When Chicago technologists diagnose health issues, they turn their attention to how patients and practitioners make decisions.
“It’s always important to understand the domain,” says ThoughtWorks user experience designer Bridget Sheerin. “The classic example is, you try not to build something for which there isn’t a problem.” A less obvious trap, she says, is building great technology that can’t or won’t get used in the field.
The Illinois Institute of Technology’s design institute focused health and tech teams on patient interactions in two days of brainstorming Oct. 13 and 14 at its BarnRaise 2015 “maker-conference.” Teams presented their solutions to a health technology crowd at Matter, the Merchandise Mart health-care incubator.
“I was amazed at how effective the conference was at bringing people up to speed about something they knew nothing about,” said Ronald Grais, director of the Thresholds mental health agency. Consultant Mark King of Toad & Tadpole suggested ways Thresholds could encourage peer interventions for troubled teens. Grais plans to test them immediately in schools and community programs.
IIT matched software developer ThoughtWorks with Janus Choice and its Virtual Liaison app, which refers hospital patients to long-term care providers. Janus chief technology officer Daryl Palmer says ThoughtWorks brought experience in coaching technologies that complemented Janus’ development talent.
“We wanted to make sure we were looking at the social and cultural mindsets of users at final discharge,” Palmer says. “Patients can’t go home, they have to go to a skilled nursing facility, and we have to explain where they are in the process.”
Janus wanted a better handoff for accident victims, for whom the diagnosis is still sinking in. “We tried through a design process to understand what that experience is like for a patient and a nurse,” says Sheerin. “It’s not about building a prettier interface but understanding the entire journey they go through.”
The team interviewed nurses on how they used the iPad app to locate intensive rehab or continuous care resources. “The nurses are under extreme time pressure to get patients out of the hospital. They need patients to comfortable with the choices they’re making. The device makes the narrowing-down process a lot faster for the patients, which cuts cuts down on the time pressure on the nurses.”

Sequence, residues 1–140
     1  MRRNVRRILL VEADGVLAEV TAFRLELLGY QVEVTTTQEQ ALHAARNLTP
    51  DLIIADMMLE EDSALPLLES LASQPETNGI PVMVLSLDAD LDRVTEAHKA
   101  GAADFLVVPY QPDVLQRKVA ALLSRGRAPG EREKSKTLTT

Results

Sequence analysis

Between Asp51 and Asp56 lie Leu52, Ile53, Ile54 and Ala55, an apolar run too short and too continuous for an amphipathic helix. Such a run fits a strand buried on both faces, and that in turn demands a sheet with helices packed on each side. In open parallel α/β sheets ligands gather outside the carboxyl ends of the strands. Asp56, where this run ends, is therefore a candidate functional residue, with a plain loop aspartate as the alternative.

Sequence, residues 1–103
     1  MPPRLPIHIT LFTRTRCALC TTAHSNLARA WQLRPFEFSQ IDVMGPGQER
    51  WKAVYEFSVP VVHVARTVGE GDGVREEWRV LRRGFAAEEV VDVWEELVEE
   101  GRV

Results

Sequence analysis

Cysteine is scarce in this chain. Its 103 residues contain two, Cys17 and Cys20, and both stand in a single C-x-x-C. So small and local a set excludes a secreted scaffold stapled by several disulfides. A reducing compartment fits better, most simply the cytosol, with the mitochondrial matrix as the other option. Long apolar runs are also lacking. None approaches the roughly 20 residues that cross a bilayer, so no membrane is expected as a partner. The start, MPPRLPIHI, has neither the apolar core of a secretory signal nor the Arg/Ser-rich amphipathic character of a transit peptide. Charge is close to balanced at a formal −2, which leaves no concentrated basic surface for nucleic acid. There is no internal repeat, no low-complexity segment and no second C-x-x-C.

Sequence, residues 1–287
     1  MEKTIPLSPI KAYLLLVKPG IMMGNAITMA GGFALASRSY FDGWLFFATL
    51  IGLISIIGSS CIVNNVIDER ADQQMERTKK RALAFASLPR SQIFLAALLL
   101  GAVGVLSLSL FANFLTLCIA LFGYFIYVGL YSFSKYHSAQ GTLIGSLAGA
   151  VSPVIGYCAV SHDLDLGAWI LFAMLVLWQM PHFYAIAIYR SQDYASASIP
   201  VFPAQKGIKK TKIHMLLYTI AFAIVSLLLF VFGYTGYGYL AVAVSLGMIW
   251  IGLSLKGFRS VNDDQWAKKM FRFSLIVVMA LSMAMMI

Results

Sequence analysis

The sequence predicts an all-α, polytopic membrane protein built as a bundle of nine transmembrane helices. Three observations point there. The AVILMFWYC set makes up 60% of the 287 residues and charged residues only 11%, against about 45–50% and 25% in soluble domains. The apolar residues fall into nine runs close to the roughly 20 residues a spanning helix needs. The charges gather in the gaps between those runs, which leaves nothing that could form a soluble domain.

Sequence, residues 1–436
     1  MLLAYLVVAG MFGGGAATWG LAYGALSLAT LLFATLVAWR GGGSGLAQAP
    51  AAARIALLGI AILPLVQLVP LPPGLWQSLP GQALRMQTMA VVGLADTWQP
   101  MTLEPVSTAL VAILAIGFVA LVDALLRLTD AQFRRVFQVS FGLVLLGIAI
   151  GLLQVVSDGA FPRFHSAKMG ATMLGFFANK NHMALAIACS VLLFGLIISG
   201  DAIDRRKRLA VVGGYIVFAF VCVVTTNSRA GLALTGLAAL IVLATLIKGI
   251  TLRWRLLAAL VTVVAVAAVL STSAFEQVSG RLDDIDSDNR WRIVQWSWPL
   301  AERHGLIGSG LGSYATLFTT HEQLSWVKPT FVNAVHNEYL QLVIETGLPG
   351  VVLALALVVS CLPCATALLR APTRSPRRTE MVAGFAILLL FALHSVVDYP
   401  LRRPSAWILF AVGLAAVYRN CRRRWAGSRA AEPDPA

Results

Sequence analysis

More often it’s nurses or family members using the tablet app to find follow-up care, not the patients themselves. The result has to please all parties, including the hospitals paying for the app. They expect a payoff in better use of their own beds and lower readmission rates.
ThoughtWorks suggested video and other tools to connect nurse recommendations with doctors’ orders, and updates on patients’ rehab progress to keep nurses engaged.
The YMCA of the USA approached rehab from a different angle. It worked with Rêve Consulting to structure pilot programs bringing joint replacement patients into local gyms and swimming pools to shape up before surgery, as well as to recuperate afterward.
The BarnRaise collaborators decided they must spread the word about about stroke symptoms to a younger audience, who could act quickly if a family member is stricken.
“Trust is an issue,” says Heather Beckstrom, stroke program coordinator for Mount Sinai Hospital Medical Center. Immigrants fear deportation, while minorities expect a struggle to get the immediate care that can save stroke victims’ lives. “How do you get into a community where there is distrust?”
The solution was to build on relationships with community activists and organizations like the Chicago Housing Authority. “It gives us a different strategy and outlets to tap into,” Beckstrom says.